Reports confirm that Kyle Jean-Baptiste—the first black actor ever to play Jean Valjean on Broadway in Les Misérables— died last night after an accidental fall off of a fire escape.
“The entire Les Miserables family is shocked and devastated by the sudden and tragic loss of Kyle, a remarkable young talent and tremendous person who made magic—and history—in his Broadway debut,” the production said in a statement. “We send our deepest condolences to his family and ask that you respect their privacy in this unimaginably difficult time.”
The Broadway Blog offers our deepest sympathies to Jean -Baptiste’s family and the company of Les Misérables.
Broadway Blog editor Matthew Wexlerrevisits a modern classic, Les Misérables.
A scene from “Les Misérables” (photo: Matthew Murphy) via The Broadway Blog.
“At the end of the day you’re another day older.”
So goes the lyric in one of musical theater’s most epic adventures, Les Misérables, which returns to Broadway this spring in a triumphant new staging co-directed by Laurence Connor and James Powell with additional musical staging by Michael Ashcroft and Geoffrey Garratt. If that seems like a lot of hands on deck, well… it is, but apparently it takes an army to bring to life Victor Hugo’s 1862 novel that follows the journey of Jean Valjean as he matures from enraged convict to soft-hearted senior—all set against the backdrop of the French Revolution.
Les Miz fanatics will be thrilled with the new production, which retains the sweeping melodies of the original but replaces the synthetic 1980s orchestrations with a more natural sound, though the hard-working 20-piece orchestra could use more strings to fully realize its intent. Long gone is the set’s famous turntable and encroaching barricade, instead replaced by a conventional set with pieces flying and rolling in as needed. Set and image designer Matt Kinley incorporates creative projections that add depth and dimension, though occasionally feel more Xbox than 19th century.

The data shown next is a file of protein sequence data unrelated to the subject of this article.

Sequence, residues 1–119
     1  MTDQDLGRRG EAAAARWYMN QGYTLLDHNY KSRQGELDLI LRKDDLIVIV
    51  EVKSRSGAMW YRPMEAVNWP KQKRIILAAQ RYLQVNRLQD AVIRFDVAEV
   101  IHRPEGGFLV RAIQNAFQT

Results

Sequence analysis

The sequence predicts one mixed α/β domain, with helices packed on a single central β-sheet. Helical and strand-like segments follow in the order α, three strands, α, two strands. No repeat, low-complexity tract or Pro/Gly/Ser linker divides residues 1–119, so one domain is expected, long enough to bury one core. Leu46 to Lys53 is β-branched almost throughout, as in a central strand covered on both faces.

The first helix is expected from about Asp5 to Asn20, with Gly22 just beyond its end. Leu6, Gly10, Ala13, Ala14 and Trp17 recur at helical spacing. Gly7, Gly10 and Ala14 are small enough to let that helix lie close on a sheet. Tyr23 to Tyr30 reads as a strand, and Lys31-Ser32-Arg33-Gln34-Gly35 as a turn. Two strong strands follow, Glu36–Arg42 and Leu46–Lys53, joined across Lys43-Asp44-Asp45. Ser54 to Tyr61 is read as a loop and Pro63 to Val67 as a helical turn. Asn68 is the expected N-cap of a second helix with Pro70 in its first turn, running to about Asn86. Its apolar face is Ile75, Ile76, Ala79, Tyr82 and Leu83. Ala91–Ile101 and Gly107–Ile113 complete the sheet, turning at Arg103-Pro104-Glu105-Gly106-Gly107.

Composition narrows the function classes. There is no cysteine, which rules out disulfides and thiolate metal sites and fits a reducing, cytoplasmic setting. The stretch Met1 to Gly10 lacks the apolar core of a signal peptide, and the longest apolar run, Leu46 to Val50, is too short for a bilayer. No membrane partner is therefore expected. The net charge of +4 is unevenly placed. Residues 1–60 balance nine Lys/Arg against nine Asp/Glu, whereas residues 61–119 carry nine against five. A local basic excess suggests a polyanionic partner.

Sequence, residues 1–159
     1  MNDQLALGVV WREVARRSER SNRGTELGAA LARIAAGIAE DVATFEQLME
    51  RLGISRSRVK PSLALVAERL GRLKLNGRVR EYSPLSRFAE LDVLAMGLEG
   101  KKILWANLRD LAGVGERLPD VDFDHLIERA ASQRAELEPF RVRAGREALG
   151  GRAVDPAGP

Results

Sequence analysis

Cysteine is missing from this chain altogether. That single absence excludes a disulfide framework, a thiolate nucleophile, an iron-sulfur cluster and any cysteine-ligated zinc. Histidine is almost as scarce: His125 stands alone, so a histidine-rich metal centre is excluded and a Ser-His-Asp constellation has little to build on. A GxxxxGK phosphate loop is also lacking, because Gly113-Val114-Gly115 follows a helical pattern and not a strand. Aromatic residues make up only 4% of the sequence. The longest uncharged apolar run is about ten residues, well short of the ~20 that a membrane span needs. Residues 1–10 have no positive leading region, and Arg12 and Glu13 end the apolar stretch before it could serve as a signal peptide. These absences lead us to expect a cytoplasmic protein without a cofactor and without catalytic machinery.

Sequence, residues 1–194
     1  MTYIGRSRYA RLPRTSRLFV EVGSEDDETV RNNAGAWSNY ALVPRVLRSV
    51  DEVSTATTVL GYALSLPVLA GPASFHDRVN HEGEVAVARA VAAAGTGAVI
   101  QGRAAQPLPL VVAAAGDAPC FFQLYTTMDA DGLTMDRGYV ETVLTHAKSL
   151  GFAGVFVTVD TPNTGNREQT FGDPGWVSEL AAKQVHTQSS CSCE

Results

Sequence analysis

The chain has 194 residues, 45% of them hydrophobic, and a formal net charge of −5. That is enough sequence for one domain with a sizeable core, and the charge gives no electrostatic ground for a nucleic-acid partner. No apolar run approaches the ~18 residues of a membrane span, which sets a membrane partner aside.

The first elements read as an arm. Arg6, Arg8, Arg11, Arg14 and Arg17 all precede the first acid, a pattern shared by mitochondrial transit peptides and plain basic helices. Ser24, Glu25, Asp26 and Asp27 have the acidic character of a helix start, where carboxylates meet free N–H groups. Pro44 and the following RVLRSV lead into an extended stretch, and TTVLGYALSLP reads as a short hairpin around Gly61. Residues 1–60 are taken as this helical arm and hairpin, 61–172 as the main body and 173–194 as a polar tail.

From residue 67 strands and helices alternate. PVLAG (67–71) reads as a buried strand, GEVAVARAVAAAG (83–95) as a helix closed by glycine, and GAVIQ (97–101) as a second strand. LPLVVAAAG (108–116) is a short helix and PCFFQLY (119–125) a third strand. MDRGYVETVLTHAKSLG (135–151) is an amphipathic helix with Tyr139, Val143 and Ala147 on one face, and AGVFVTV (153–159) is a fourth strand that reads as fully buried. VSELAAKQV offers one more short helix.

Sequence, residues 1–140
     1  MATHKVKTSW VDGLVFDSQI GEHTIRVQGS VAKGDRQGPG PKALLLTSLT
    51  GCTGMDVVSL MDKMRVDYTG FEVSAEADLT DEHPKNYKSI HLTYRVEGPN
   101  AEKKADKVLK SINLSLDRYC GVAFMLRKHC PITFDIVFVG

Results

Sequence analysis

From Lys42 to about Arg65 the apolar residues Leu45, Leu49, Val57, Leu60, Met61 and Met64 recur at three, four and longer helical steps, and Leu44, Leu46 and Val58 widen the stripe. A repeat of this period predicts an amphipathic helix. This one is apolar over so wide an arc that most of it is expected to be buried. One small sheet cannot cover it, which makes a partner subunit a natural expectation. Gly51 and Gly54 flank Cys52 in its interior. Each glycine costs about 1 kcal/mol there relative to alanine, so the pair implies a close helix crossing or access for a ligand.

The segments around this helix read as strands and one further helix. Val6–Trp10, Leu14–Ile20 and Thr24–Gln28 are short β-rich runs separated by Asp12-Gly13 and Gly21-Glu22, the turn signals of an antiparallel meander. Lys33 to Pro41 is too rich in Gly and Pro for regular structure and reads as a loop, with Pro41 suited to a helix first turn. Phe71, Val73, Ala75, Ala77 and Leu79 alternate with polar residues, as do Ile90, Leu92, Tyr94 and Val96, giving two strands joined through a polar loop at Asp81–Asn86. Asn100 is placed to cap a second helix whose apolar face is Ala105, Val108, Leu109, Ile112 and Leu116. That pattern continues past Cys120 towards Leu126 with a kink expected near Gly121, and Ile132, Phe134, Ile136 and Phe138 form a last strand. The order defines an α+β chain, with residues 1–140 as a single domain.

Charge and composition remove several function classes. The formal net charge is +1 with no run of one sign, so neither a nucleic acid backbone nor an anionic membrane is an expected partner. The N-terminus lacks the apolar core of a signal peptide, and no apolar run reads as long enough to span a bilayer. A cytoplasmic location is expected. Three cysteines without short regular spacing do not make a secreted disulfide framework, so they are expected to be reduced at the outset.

Ramin Karimloo in “Les Misérables” (photo: Matthew Murphy) via The Broadway Blog.
But what catapults this latest incarnation to a new level are the emotionally raw, visceral performances of its leading men: Ramin Karimloo as Jean Valjean and Will Swenson as Javert. Their cat and mouse chase throughout the years is wrought with tension and urgency. Karimloo, an Iranian-born Canadian actor, sports a soaring tenor voice (not to mention a full sleeve tattoo) that captures the nuances, vulnerability and rage of Valjean’s journey. Unlike the original production, the staging allows Karimloo freedom to move and breathe unique life into the character. We see Valjean’s uncontrollable temper slowly melt as he undertakes the responsibility of caring for young Cosette, the orphaned daughter of Eponine, a woman who worked in Valjean’s factory who succumbed to the hardships of the era. Karimloo’s dynamic performance—sometimes frenetic and wiry and at other times distilled into quiet melancholy, anchors the story while simultaneously propelling it forward.
Will Swenson in “Les Misérables” (photo: Matthew Murphy) via The Broadway Blog.
As his longtime nemesis Javert, Will Swenson is a worthy counterpart. Hunting Valjean throughout the years, their encounters grow with increasing tension as Javert descends into despair while Valjean’s sense of peace and purpose only increases. Swenson’s bari-tenor voice sounds stifled at times by the role’s limited vocal range, but like Karimloo, delivers an emotionally charged performance.